Academic journal article Journal of STEM Education : Innovations and Research

The BRAID: Experiments in Stitching Together Disciplines at a Big Ten University

Academic journal article Journal of STEM Education : Innovations and Research

The BRAID: Experiments in Stitching Together Disciplines at a Big Ten University

Article excerpt

Abstract

Since 2005 we have pursued a formal research program called the BRAID (Bringing Relationships Alive through Interdisciplinary Discourse), which is designed to develop and test strategies for training first- and second-year undergraduate science students to bridge scientific disciplines. The BRAID's ongoing multiyear investigation points to preliminary conclusions about what does and does not promote student interdisciplinary thinking. Perhaps not surprisingly, our research suggested the most effective technique for helping introductory students see science in integrated terms has been the most direct: explicitly discussing and engaging in debate about the connections found in the real world in a seminar setting. On the other hand, adding a thin gilding of interdisciplinarity to existing courses accomplishes little. Our goal is not to devise the "ideal" interdisciplinary educational experience, but one that is efficient and sustainable in a wide range of existing curricular structures. We are particularly sensitive to the need to avoid creating eclectic models dependent on our particular institutional setting.

The case for interdisciplinary science education

It is tempting-and on some level appropriate- for students to think of science as a vast intellectual Wal-Mart. Over here you find the products of the chemical bond, over there the products of cell physiology, all ready for application to human problems and needs (including getting into a desirable graduate or professional program). You can shop science for suitable knowledge and skills, much as you might throw a pair of shoes, a tub of ice cream, and a bike tire in your shopping cart. College itself often inadvertently strengthens this view of science by stacking up facts and techniques within the discrete mental aisles of individual courses and discrete disciplines.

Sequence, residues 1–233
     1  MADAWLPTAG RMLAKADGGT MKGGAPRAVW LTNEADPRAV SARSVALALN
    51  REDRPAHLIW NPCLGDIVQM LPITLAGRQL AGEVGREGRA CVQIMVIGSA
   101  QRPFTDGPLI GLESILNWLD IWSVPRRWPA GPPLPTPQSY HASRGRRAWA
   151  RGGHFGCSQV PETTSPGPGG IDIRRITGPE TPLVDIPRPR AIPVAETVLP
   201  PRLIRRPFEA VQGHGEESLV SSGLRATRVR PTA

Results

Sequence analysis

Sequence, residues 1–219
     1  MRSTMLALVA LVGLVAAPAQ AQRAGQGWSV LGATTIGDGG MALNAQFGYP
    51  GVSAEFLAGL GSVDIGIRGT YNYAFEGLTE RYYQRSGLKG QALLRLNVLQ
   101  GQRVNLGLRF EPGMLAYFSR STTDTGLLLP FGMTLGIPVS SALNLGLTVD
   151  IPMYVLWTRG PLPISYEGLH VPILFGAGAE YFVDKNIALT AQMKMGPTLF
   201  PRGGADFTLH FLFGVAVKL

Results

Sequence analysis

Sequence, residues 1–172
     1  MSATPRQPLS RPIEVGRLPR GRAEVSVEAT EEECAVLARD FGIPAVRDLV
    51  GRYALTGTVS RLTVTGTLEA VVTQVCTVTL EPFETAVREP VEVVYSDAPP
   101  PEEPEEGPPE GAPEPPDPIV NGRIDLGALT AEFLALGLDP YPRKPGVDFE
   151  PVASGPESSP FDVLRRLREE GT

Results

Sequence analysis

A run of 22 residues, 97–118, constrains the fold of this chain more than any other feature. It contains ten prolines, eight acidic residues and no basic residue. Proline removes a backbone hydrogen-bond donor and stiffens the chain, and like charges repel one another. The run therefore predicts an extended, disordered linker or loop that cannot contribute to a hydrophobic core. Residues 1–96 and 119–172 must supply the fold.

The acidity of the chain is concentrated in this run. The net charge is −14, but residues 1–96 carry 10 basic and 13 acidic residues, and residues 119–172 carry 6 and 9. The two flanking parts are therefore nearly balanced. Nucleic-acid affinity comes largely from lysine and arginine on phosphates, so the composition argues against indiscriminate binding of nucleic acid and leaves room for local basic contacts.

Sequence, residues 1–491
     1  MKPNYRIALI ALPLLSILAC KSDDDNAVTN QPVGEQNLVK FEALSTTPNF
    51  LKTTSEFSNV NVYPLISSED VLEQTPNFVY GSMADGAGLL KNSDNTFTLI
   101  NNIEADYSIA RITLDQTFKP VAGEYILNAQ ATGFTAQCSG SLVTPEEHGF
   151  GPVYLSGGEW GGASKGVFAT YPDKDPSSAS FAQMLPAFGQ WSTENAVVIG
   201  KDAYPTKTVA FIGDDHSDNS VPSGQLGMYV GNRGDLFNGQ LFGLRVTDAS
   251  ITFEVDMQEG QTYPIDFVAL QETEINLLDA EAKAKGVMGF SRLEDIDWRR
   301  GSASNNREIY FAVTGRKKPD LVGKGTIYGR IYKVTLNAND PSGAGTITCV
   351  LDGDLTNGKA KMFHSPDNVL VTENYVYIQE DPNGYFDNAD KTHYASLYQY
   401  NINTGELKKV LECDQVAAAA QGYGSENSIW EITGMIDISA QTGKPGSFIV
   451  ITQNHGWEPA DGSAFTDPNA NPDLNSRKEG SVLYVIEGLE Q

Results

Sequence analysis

And students do not always appreciate the diverse selection. A chemistry major might not wish to participate in a big shopping expedition, or see the need for it. General education or major requirements thrust a shopping list in her hands that pushes her reluctantly into aisles with "soft" courses like biology and, worse, "irrelevant" ones in the humanities and the social sciences. Her goal here is to bargain hunt: to grab the prize grade with the minimal expenditure of work and thought, and to pour the savings into her "real" courses. The compartmentalization of tertiary science education allows-indeed, frequently rewards-such narrowly expedient attitudes.

Science educators aspire, for both professional and civic reasons, to educate broadly, yet our aspirations to inspire creativity, flexibility, and inquisitiveness crash against what we produce. What our students learn, or do not learn, is a much less elevated reality, as a steady stream of blue-ribbon reports has lamented for the past twenty years (AAAS, 1990; NRC, 1997, 2003; NSF, 1996; Project Kaleidoscope, 1991). One result is the production of too many science graduates with an indifferent grasp of deeper critical and integrative skills. Another is the leaky pipeline by which students leave science programs altogether, a loss of talent that is particularly severe among women and students of color (Seymour & Hewitt, 1997).

Another recent, high-profile reform effort captures the widespread consensus that undergraduate science education must become more interdisciplinary. Scientific Foundations for Future Physicians is a call to action from the Association of American Medical Colleges and the Howard Hughes Medical Institute, driven by acute concerns that the typical premedical curriculum, which has remained largely stagnant for decades, no longer adequately prepares students for medical practice (AAMC-HHMI, 2009). The report insists that colleges and universities should phase out checklists of prerequisite premed courses and redirect students towards the mastery of a core (but not static) set of science competencies: "emphasis should be on defined areas of knowledge, scientific concepts, and skills rather than on specific courses or disciplines. …

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